Early Detection Saves Lives

The latest National Cancer Institute (NCI) research and data shows that our nation is making progress toward major cancer-related objectives for improving the health of Americans, including:

  • Death rates for the four most common cancers (lung, colon, breast and prostate), as well as for all cancers combined, continue to decline.
  • The rate of cancer incidence has declined since the early 2000s.
  • Length of cancer survival has increased for all cancers combined. For all sites, the percent of patients surviving five years from diagnosis in 2001 (most recent year with five-year follow-up) was 68.3%. Improvement in survival must continue in order to meet the 2010 objective for five-year survival of 70%.
  • Adult cigarette smoking prevalence has been slowly declining since 1991, while smoking prevalence among adolescents has declined since the late 1990's. Despite these declines, one in five adults and adolescents is a smoker.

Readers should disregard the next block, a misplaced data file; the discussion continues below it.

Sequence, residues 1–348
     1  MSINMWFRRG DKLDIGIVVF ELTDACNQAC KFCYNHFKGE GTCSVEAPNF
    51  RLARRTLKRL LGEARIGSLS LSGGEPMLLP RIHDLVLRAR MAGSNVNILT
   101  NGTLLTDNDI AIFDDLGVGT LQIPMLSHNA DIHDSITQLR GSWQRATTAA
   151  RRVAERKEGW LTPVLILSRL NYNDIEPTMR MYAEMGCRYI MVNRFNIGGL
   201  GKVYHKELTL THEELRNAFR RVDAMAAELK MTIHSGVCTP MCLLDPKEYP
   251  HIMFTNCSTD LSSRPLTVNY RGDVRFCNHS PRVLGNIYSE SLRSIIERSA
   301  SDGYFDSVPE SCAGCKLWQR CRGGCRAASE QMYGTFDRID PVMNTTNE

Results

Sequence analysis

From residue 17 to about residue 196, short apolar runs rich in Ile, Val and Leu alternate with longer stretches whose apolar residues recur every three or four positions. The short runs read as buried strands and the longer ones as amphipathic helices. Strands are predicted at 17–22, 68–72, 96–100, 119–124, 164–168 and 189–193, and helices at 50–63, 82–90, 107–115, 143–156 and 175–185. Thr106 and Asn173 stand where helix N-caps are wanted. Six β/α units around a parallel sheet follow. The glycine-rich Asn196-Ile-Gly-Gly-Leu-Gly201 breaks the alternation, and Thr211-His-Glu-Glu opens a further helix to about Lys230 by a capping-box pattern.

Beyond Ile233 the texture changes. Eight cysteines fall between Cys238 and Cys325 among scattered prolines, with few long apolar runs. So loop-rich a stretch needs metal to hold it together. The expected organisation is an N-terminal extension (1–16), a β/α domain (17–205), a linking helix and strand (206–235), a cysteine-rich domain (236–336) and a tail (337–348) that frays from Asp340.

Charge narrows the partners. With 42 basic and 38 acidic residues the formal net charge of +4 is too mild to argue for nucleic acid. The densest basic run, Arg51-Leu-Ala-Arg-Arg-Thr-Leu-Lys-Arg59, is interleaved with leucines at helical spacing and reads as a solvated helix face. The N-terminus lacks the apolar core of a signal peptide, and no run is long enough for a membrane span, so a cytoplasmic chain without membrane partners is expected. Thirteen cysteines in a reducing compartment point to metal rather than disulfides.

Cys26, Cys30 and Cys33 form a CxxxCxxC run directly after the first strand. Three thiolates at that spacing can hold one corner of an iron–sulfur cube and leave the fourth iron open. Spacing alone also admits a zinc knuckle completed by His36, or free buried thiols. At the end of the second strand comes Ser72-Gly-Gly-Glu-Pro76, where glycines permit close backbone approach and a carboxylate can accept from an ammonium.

• Substantial decreases in secondhand smoke exposure have been realized since the beginning of the 1990’s. This includes biological measures, as well as work place policies, rules about smoking in the home and, more recently through state and local smoke-free indoor air legislation.
  • Sun protective behaviors have risen slightly. But young adults, especially young men, show much lower levels of this behavior.
  • Teen indoor tanning has decreased since 2005. However, usage by young women remains high.
  • The most often recommended early detection tests are for breast, prostate, colon and cervical cancers. When detected early, survival rates for many cancers increase dramatically.
  • Here are a few of the many websites that provide helpful information and guidelines about screening tests for these cancers, such as mammography; PSA (prostate-specific antigen) blood test and DRE (digital rectal exam); Pap smear; and colonoscopy.

If you need more information on options after cancer has been detected, please visit the 21st Century Oncology web site here to find a center close to you.